Indonesia Restaurant - San Francisco, California
After the walk, or should I say hike, from the hotel to Lombard Street, I was famished. Since my friend agreed to accompany me on my trek, I decided that a free meal was in order. We headed towards Naan-N-Curry on O'Farrell at the recommendation of Amy. At the corner of Taylor and Post, we came across Borobudur an Indonesian restaurant. Peeking inside, I didn't see anyone dining there. As I turned around and headed back towards the corner, I saw the sign for Indonesia Restaurant across the street. Since we only have one Indonesian restaurant here in Hawaii, I decided that I would forgo my craving for Indian food and have Indonesian food instead.
Upon entering Indonesia Restaurant, I saw that it was a small shop that was not elaborately decorated -- a hole-in-the-wall. There were quite a few tables occupied, so I was hopeful that I made a good decision in coming here.
After looking over the menu, there were so many things that I wanted to try, but since I had to settle on just a few, I decided on a salad and a main dish. To start, I decided to have the gado gado (US$5.95).
This Indonesian mixed salad had green beans, potatoes, bean sprouts, tofu, hard boiled eggs, cabbage and krupuk (prawn crackers). It was all topped with a lot of peanut sauce. The only thing this was missing was the fried tempe (soybean cake). The ingredients were fresh and the peanut sauce was as authentic as any I had every tasted. It was slightly sweet with just a hint of shrimp paste and just the slightest amount of spiciness to it. Excellent!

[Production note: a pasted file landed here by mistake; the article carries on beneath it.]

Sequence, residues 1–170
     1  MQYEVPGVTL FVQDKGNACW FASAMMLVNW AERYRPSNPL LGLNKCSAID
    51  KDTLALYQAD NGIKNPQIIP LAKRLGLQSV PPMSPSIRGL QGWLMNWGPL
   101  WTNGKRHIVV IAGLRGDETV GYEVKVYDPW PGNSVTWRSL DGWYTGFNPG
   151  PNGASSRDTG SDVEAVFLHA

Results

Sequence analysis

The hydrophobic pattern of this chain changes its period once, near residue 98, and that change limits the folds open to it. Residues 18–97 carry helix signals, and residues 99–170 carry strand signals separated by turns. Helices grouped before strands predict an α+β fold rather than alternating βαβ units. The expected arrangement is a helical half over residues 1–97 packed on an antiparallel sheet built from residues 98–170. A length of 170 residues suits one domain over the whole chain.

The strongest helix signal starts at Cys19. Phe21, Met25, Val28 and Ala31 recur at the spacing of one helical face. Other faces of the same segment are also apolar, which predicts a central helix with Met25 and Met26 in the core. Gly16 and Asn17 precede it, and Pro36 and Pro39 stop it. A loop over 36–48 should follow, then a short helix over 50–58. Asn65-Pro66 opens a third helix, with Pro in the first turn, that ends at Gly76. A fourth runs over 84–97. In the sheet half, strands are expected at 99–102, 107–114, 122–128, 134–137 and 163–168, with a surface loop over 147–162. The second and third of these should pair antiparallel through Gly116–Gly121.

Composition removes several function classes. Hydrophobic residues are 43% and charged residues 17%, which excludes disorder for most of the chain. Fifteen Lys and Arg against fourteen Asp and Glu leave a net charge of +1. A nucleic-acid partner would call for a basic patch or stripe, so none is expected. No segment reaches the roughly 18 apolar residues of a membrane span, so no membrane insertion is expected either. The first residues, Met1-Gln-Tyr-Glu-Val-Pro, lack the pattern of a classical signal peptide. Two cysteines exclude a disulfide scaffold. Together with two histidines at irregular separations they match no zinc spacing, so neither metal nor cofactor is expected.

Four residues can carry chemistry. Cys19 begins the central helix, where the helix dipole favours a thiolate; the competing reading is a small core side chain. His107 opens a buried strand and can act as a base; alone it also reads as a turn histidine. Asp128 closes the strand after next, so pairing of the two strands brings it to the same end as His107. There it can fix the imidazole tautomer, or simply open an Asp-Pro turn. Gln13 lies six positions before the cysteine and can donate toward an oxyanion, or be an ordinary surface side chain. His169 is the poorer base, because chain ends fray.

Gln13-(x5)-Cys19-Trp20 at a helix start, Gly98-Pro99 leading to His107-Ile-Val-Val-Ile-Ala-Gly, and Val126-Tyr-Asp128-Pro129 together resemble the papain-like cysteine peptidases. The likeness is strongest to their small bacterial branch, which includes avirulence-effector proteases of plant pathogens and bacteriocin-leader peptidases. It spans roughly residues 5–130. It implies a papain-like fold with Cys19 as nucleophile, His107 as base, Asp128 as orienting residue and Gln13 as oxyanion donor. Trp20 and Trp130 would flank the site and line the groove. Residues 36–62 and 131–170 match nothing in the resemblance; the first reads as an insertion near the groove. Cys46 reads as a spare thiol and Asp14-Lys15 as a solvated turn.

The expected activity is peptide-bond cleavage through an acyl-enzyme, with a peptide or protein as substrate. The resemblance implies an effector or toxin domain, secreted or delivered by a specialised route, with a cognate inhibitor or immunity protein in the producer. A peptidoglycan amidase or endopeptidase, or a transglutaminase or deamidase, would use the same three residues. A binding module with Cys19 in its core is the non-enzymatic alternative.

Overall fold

My friend had the nasi padang (US$7.95).
This one was served with some spicy coconut beef (similar to rendang daging), a hard boiled egg in sambal sauce, some cabbage, some peanuts and sambal ikan billis (anchovies), coconut rice which was topped with fried shallots and more krupuk. I was told that this was very good.
I ordered the nasi lemak (US$8.25).
A huge mountain of nasi lemak (coconut rice) was topped with fried shallots and garnished with slices of tomato and cucumber. It was served with one piece of ayam panggang (barbecued chicken), one stick of satay ayam (chicken satay), two pieces perkedel, some peanuts and sambal ikan billis and some krupuk.
I thoroughly enjoyed both the satay and the ayam panggang. The satay was nicely barbecued and had the right amount of seasoning. The ayam panggang was tender, with the meat just falling off the bone. The sauce was just a little sweeter than I would have licked, but it was still delicious. The perkedel, which is a fried potato "cake" that has some minced meat in it was good as well. I was pleasantly surprised to see quite a bit of meat in there especially since most often times the amount of meat used to make these "cakes" is minimal at best.
After all that food, we had dessert. I really wanted the es kacang with durian, but was told that they weren't serving es kacang that day. So instead, we both decided to have the es cendol.
This looked like homemade cendol to me. The cendol (green worm-like stuff) is made from green bean flour. The dessert is finished off with some condensed milk and lots of gula melaka (palm sugar). This was delicious and wonderfully refreshing.
I'm glad I decided to stop here. The service was excellent and the food arrived quickly at our table. The tasty, delicious food was quite authentic and in my opinion, reasonably priced. I will definitely come back here on my next trip to San Francisco, and I will definitely recommend this place to all my friends who travel here.
678-680 Post Street
San Francisco, California
Indonesia Restaurant Menu.pdf
(Requires Adobe Acrobat)